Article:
Spike Lee is heading to New Orleans, Louisiana, to make a documentary examining whether race and politics played a role in the aftermath of Hurricane Katrina.
The Do the Right Thing director watched television coverage of the disaster while he was in Venice, Italy, for the city’s film festival, and he’s since compared the New Orleans situation to the 1974 film Chinatown, which starts as a simple detective story, but becomes an intricate tale of corruption and greed.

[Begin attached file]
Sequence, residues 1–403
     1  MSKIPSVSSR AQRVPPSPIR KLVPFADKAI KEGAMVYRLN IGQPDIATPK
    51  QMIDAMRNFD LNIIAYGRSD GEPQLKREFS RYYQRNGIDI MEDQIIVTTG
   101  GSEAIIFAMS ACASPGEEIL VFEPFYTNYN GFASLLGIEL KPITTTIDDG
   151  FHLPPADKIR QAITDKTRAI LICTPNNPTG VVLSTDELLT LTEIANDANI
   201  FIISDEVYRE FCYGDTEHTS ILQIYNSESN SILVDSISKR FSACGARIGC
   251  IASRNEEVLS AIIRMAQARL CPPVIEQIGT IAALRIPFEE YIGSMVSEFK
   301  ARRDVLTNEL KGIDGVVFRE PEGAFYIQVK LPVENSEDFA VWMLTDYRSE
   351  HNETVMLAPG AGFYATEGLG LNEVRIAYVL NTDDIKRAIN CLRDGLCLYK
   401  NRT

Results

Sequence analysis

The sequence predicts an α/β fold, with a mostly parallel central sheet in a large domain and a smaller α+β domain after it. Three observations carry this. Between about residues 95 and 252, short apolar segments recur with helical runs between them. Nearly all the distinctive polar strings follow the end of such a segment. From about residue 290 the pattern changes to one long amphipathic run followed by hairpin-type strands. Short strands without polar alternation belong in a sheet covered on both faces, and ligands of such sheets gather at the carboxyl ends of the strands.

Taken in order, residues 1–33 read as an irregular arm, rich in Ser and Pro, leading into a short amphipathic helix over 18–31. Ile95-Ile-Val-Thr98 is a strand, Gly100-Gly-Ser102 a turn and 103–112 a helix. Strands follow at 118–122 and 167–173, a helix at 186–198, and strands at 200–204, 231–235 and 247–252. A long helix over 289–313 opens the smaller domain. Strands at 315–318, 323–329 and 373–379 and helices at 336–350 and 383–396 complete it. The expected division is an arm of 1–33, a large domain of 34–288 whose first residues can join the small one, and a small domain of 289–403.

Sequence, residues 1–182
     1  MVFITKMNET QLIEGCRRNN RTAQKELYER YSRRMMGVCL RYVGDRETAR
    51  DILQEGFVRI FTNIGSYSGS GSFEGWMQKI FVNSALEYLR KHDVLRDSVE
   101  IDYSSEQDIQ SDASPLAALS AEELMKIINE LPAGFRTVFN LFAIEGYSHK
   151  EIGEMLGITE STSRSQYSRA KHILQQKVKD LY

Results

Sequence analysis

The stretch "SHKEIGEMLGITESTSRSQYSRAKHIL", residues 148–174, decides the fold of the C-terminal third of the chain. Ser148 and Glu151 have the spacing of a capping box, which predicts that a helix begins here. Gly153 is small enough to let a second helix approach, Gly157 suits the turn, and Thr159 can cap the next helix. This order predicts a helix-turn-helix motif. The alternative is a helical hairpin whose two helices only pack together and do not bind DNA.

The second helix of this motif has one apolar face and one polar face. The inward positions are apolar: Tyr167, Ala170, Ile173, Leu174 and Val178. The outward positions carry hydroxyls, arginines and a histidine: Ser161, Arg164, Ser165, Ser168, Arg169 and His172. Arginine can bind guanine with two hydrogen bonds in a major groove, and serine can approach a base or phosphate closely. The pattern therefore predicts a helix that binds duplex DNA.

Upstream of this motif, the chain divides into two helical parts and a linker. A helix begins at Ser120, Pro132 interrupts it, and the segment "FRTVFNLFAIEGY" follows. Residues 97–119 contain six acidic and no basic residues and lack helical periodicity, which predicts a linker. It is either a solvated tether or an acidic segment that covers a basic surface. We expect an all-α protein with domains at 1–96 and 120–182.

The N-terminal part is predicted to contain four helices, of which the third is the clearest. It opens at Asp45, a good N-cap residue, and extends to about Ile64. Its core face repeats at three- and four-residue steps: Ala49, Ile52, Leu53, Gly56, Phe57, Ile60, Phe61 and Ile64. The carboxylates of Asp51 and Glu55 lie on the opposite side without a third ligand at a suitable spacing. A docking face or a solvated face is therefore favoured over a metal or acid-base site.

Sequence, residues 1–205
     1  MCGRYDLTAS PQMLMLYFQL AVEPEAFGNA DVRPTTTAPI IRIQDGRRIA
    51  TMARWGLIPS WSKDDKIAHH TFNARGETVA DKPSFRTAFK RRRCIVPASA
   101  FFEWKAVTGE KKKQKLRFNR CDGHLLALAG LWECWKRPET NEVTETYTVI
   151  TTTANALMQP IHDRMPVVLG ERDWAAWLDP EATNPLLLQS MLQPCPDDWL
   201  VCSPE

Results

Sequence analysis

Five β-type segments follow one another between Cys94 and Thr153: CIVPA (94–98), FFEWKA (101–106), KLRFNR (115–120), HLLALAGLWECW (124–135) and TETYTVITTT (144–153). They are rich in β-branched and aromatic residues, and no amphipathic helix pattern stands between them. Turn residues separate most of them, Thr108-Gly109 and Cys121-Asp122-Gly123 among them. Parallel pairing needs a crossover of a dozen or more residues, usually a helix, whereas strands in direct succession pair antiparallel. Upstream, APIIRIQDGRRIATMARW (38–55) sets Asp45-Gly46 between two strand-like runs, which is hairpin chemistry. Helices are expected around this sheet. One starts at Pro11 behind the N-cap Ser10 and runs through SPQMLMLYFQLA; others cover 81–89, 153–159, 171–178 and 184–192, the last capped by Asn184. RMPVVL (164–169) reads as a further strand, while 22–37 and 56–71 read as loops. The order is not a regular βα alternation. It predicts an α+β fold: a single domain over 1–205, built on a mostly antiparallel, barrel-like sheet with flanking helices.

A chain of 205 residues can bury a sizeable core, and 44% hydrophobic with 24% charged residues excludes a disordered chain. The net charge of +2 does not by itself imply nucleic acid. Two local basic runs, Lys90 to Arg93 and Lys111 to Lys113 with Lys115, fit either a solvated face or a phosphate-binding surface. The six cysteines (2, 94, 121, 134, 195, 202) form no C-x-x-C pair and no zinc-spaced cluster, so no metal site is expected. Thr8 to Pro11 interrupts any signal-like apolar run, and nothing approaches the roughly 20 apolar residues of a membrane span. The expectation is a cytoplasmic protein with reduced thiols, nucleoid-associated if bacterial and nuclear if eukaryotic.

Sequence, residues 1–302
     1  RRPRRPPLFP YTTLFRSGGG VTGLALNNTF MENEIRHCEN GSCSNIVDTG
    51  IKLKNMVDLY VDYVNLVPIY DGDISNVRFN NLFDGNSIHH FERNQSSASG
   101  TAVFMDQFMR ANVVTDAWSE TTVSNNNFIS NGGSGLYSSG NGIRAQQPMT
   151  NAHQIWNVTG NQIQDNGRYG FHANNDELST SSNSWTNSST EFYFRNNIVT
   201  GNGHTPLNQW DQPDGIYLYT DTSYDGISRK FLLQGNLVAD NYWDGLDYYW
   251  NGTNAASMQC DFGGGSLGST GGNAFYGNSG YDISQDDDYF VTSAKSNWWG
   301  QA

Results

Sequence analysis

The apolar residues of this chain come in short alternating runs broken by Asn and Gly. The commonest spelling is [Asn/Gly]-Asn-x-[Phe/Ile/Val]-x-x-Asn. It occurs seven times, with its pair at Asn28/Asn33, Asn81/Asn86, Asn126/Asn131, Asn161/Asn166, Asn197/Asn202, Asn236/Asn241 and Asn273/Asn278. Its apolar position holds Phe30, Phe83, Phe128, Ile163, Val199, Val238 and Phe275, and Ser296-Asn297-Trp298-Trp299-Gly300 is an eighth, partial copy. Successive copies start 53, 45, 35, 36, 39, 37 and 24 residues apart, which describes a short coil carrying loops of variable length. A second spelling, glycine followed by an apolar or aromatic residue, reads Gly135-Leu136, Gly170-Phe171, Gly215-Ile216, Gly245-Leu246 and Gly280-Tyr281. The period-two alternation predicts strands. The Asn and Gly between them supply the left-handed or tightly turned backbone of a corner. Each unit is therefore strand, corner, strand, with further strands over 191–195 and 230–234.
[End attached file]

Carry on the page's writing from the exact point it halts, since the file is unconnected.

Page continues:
He says, “People could not believe, especially the residents of the Ninth Ward (in New Orleans), that there wasn’t hanky-panky in the flooding.
“And what I thought about automatically was Chinatown, the great film by Roman Polanski. The whole subplot of the whole thing is about water in Southern California and how it was not delivered to the people who needed it.”
Lee, who insists he will use “factual journalism, not creative narrative” in the probe, plans to have the project ready for next year’s one-year anniversary of the hurricane.
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